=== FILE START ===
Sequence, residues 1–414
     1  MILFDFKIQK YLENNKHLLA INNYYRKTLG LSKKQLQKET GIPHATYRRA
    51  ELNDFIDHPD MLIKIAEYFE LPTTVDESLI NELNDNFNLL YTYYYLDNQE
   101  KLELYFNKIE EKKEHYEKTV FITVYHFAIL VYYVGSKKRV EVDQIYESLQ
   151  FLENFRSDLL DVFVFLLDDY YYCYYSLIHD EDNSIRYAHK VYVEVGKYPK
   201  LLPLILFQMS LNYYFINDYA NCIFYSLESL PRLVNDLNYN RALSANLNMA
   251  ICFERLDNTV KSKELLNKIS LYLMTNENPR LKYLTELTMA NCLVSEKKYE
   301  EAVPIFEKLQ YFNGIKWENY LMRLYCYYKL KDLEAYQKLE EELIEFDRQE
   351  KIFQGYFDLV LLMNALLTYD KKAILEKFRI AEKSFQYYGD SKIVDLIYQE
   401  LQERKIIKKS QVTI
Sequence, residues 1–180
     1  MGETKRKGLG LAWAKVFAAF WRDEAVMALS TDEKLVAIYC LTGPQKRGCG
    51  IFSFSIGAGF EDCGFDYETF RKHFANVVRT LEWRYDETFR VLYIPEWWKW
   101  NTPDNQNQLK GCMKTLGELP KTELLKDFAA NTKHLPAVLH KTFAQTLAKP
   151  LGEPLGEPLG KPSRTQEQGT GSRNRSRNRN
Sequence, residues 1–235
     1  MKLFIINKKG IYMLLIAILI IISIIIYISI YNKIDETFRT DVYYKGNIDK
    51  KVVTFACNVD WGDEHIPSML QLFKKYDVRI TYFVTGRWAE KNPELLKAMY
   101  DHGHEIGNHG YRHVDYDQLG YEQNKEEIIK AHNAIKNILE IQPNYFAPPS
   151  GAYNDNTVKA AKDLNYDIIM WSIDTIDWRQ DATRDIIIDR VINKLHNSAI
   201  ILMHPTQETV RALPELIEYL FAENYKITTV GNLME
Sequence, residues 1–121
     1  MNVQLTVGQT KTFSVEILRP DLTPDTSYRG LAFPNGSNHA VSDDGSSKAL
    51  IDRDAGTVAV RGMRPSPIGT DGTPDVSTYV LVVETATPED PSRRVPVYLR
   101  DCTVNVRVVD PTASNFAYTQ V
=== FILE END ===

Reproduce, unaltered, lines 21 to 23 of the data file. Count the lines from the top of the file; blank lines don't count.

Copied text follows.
   201  ILMHPTQETV RALPELIEYL FAENYKITTV GNLME
Sequence, residues 1–121
     1  MNVQLTVGQT KTFSVEILRP DLTPDTSYRG LAFPNGSNHA VSDDGSSKAL